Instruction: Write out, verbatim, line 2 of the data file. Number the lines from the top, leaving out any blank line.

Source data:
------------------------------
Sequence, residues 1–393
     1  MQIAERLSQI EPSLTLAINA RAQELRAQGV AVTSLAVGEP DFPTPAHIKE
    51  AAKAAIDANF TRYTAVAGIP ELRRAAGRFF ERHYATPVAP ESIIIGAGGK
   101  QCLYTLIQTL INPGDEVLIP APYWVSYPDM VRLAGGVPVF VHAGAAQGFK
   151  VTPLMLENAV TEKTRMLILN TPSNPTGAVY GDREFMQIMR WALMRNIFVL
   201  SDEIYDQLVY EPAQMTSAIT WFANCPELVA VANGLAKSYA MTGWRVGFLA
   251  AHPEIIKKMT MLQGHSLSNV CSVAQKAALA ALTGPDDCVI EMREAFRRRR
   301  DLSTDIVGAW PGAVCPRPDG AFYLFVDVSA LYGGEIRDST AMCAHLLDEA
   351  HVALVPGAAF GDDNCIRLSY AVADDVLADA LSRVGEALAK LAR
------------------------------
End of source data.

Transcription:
     1  MQIAERLSQI EPSLTLAINA RAQELRAQGV AVTSLAVGEP DFPTPAHIKE